Written by: Charles Weaver – Co-Founder, MSPAlliance
There are a lot of private and institutional investors interested in the managed services profession right now. MSPs are reporting a lot of inbound activity from investors, especially around security. Proper alignment between MSP owners and investors is crucial for creating synergies and ultimately getting a deal beneficial to both parties.
Most investors do not have a very good handle on the managed services profession and are merely looking for opportunistic deals. Opportunistic investors are perfectly fine, as long as you know what to expect. The following guidelines are useful both for investors and MSPs alike. Getting both sides to align would be a positive step forward and in the right direction for our profession.
What Do Investors Want?
It would be too simplistic to say all investors want to earn money, but they do. Investors typically want to either a) replace the ownership team and take over management of the MSP or b) inject the MSP with capital and retain the current management structure. One of the very first things you should do in your discussions is to determine what the ultimate goal is.
Before you get too far in your discussions, knowing whether the investors want management out or whether management is vital to the ongoing success of the deal is worth knowing.
Long vs. Short Term Goals
As previously discussed, some investors may want to keep your existing management team in place, and others may want a clean break. Beyond whether the leadership stays or goes, investors also have different reasons for investing in an MSP.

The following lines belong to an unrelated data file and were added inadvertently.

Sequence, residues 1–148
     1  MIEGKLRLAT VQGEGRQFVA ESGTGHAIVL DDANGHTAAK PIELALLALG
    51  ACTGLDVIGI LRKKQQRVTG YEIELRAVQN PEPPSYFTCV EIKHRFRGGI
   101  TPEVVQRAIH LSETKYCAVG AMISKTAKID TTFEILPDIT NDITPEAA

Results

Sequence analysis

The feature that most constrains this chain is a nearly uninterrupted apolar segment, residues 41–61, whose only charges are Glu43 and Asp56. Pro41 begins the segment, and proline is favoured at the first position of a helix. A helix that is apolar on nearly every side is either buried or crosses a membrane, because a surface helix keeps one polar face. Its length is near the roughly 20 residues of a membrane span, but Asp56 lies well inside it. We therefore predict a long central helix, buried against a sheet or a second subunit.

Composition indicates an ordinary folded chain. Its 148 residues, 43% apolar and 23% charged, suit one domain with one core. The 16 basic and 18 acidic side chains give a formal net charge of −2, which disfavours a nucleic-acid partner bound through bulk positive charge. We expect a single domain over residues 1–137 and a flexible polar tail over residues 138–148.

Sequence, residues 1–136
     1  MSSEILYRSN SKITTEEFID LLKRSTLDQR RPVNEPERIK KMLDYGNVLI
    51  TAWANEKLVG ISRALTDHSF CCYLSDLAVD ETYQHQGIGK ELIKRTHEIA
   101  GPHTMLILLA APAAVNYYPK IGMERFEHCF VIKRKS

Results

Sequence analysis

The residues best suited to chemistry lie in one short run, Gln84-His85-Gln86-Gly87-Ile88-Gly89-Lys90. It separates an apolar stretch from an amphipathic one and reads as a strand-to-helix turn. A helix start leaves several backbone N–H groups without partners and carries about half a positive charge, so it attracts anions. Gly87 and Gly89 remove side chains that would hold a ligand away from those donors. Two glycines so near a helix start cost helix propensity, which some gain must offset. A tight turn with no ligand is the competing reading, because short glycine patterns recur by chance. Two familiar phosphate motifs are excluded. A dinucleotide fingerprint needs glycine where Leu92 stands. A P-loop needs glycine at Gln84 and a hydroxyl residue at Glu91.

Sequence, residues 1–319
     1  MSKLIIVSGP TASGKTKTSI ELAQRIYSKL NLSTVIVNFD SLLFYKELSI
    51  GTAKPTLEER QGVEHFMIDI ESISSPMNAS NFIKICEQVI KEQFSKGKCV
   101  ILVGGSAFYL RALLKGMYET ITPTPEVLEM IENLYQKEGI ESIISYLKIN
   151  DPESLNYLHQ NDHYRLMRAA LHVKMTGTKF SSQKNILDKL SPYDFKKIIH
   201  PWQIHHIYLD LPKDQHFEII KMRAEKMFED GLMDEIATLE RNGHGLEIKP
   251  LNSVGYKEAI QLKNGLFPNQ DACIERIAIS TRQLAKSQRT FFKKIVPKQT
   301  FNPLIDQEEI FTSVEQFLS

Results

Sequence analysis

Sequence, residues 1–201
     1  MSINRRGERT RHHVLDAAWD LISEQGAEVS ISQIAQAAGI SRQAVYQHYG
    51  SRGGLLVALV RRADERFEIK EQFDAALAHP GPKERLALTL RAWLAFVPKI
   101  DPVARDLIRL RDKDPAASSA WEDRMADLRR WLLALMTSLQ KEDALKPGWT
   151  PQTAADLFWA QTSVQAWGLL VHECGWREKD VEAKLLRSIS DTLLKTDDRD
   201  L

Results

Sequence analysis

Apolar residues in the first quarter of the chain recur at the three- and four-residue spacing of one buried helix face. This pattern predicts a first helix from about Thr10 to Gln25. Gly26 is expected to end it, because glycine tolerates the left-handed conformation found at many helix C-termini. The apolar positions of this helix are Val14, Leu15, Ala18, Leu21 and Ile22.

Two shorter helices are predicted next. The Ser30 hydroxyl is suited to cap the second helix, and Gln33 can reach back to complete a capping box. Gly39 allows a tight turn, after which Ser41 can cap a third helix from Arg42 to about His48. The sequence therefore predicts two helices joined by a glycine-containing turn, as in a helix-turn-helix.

Some investors want to do some M&A work to accelerate growth and ultimately sell the company off. Other investment teams prefer traditional organic growth and will be long term investors, seeking some liquidity event beyond a five-year horizon.
Speak the Investor’s Language
In either instance, all investors want to eventually get their money back and see a return on their investment. You must understand their motives and equip yourself with the understanding that allows you to communicate with investors in a way that will maximize your value to them.
Even if investors do not fully understand managed services, having a well thought out strategy will be something all investors understand. MSPs need to be able to convince an investment team that the MSP practice can become a valuable resource for the investment group. Why will buying or investing in your MSP make them money? If you can answer that question, you can speak to investors.
MSPs need to understand the mindset of investment groups to appreciate the mind of the investor fully and capitalize on these opportunities.